The first challenge is the disunity among the armed groups. When eight ethnic armed groups signed the Nationwide Ceasefire Agreement (NCA) in October 2015, it was seen by many as the culmination of more than two years of negotiations aimed at bringing an end to the country’s long-running conflicts.
However, the deal fell short of nationwide agreement with seven of the 15 armed groups invited declined to sign due to disagreements over the issue of inclusivity in the peace process, as well as the distrust of Myanmar’s semi-civilian government, headed by President Thein Sein, and the powerful military.
Since then, the peace process has largely stalled despite several cosmetic progresses. Armed conflicts between the non-signatory groups and the Myanmar army have marred the peace process. The NLD government initiated the 21st Panglong conference in late August last year but failed to convince the non-signatory groups to sign the NCA.
The initial anticipation of the NCA signatory groups was that the government would be able to bring on board the non-signatory groups at the earliest possible. They also anticipated that the non-signatory groups would eventually prefer to join the peace process rather than engaging in armed conflicts. However, members of the Chiang Mai-based United Nationalities Federal Council (UNFC) have not given up its fundamental demand of inclusive approach in the peace process.
The chance of finding mutual agreement between UNFC members and the NLD government has been hampered by the continued armed clashes between the Myanmar army and members of the Northern Alliance - the Kachin Independence Army (KIA), Arakan Army (AA), Myanmar National Democratic Alliance Army (MNDAA), and the Ta’ang National Liberation Army (TNLA) - in Kachin and Shan states along Myanmar-China border.
The government’s efforts to convince the non-signatory groups to sign the NCA and join the peace process met with further challenge in late February this year when the chairman of the United Wa State Army (UWSA) said that a ‘new path to peace’ was necessary because the government’s efforts to get other ethnic groups to sign the NCA have lost its momentum.
The position of UWSA is significant because it is the largest ethnic armed group with approximate 30,000 cadres. It also controls a significant swath of territory along Myanmar-China border in Shan state. In addition to its demand for federalism, the UWSA demands the upgradation of the Wa Self-Administered Division to a statehood status.
The second challenge is Beijing’s limited influence on the peace process. The advantage China has in Myanmar, over many other countries, is that its participation and assistance is welcomed by ethnic armed groups, the NLD government, as well as the military establishment.
Despite this wide acceptance, China has realized its limited influence. For example, despite the several appeals and meetings with ethnic armed groups, the Myanmar military and the NLD government, Beijing is unable to bring an end to the armed conflicts, particularly in Kachin and Shan states.
There are allegations from some quarters that China may be meddling in the internal affairs of Myanmar.
The third challenge is distrust between the Myanmar military and some ethnic armed groups, particularly the Northern Alliance members that have been engaging in armed conflicts, mostly since 2015.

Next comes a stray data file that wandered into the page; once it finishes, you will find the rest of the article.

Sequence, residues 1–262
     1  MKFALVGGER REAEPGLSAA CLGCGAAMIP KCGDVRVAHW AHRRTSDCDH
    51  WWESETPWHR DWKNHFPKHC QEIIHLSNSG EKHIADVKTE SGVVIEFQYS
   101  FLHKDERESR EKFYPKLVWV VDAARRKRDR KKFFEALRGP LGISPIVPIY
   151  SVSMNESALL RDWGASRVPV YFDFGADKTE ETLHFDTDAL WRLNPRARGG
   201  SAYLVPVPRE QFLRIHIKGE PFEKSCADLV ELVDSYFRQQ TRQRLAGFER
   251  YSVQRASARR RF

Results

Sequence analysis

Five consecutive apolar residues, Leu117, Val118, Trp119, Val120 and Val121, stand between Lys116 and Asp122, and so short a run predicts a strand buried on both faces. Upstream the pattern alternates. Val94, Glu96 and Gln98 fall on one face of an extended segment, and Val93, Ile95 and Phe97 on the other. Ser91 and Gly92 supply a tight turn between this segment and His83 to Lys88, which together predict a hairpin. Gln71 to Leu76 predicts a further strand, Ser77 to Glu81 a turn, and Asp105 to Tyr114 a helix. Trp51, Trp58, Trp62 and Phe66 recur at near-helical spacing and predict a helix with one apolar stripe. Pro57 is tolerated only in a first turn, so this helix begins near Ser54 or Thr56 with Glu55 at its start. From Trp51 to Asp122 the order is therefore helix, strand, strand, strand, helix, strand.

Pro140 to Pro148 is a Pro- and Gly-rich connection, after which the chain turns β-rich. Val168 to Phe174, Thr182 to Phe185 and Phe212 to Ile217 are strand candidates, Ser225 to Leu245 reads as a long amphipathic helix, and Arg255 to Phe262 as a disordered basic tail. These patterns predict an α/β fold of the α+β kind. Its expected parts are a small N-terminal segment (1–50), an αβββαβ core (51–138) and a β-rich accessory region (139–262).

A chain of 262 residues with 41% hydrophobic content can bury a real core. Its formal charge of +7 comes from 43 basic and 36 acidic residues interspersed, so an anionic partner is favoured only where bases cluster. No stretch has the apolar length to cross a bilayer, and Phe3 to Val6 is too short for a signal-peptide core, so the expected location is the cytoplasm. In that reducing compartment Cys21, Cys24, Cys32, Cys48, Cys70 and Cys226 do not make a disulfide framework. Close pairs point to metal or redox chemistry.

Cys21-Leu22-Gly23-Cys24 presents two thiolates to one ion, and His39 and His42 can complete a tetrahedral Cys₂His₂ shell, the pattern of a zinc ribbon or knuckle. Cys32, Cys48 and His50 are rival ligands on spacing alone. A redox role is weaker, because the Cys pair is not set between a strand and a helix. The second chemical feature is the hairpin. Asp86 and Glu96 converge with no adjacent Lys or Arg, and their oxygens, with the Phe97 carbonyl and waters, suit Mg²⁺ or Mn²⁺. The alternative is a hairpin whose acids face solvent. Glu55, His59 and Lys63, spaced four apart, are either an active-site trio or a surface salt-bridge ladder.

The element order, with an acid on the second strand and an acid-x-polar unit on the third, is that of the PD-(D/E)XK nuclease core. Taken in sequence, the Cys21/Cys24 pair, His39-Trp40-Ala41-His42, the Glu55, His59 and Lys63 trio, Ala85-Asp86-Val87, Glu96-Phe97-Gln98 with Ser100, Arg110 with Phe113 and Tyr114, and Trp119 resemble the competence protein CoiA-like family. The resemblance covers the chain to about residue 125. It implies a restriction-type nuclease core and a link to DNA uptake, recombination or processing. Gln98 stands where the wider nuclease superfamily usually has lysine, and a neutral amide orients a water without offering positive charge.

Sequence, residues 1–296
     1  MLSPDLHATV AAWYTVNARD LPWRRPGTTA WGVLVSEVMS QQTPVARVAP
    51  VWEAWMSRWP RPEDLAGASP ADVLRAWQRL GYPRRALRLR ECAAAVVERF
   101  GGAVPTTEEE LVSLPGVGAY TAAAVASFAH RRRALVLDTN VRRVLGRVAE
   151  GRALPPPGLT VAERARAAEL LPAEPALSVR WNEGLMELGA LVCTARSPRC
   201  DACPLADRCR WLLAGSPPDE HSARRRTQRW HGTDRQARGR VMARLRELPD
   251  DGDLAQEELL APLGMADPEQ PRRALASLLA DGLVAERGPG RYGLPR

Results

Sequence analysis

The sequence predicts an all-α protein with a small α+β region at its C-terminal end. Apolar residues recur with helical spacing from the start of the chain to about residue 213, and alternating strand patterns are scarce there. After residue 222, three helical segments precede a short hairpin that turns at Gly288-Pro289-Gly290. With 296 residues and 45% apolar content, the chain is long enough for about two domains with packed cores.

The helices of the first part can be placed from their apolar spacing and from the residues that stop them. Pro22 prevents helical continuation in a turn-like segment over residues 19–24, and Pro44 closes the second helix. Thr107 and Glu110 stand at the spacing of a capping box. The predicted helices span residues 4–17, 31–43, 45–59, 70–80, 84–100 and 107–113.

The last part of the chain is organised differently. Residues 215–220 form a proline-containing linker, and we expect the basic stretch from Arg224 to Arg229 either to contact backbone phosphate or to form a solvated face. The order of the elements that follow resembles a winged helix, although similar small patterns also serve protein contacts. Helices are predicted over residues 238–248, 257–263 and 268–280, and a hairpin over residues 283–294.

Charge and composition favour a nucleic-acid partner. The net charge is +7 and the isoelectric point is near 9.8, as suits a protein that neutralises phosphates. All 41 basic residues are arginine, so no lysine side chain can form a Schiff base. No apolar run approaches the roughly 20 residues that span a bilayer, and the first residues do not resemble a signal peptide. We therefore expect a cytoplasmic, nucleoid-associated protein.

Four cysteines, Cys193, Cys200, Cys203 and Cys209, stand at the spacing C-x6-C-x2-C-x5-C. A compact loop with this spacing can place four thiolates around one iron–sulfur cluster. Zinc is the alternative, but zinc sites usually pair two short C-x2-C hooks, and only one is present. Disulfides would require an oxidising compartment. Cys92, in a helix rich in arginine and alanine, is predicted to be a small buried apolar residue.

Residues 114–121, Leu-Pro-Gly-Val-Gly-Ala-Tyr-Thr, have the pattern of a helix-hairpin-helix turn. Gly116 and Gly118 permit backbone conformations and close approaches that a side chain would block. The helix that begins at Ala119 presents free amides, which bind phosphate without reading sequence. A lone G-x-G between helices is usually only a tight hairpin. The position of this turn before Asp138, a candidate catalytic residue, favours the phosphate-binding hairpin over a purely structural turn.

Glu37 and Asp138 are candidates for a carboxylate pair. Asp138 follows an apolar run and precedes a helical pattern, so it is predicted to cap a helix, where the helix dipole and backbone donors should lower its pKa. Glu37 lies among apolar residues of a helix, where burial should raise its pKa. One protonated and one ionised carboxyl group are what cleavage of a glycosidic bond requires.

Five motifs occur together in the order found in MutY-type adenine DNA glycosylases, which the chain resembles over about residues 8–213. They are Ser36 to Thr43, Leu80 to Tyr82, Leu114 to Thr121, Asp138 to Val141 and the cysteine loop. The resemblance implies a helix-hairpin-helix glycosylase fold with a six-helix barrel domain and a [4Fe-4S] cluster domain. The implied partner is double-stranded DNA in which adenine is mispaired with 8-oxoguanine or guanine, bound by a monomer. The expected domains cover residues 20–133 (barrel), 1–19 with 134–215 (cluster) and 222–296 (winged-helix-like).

The main suspicion of these armed groups is that the Myanmar military is not sincere about resolving the decades-old conflicts politically. The armed groups have alleged that the Myanmar military has been forcefully trying to neutralize them and seize control of their territories.
While the Myanmar military demands the laying down of arms from the MNDAA, TNLA and AA before signing the NCA and participating in the peace process, the armed groups see such condition as unacceptable which they consider as tantamount to surrendering their people and territory.
Both the ethnic armed groups and the Myanmar army blame each other for causing destruction that has led to thousands of civilians being made internally displaced persons or have been forced to flee across the border to China.
The fourth challenge and perhaps the most serious one is lack of mutual trust between the NLD government and the Myanmar military.
Though both sides have shown considerable respect and do not criticize each other publicly, the civilian government is apparently unable to prevail the military on the specifics of the peace process. In her capacity as the state counsellor and de facto leader, Aung San Suu Kyi has been quite diplomatic in her dealings with the military establishment.
Though she has had several meetings with the military leadership over the peace process, she has apparently not been able to convince the military to end its operations along the Myanmar-China border.
Based on what has transpired thus far in the peace process, the Myanmar military appears to incline more toward pursuing disarmament, demobilization, and reintegration (DDR) strategy rather than security sector reform (SSR) process.
The military apparently still maintains its traditional psyche of the army being the ‘guardian’ and ‘protector’ of the state.
Dr. Nehginpao Kipgen is Assistant Professor and Executive Director of the Center for Southeast Asian Studies, Jindal School of International Affairs, O.P. Jindal Global University. He is the author of three books on Myanmar, including ‘Democratization of Myanmar’. His writings (both academic and non-academic) have been widely published in five continents - Asia, Africa, Australia, Europe, and North America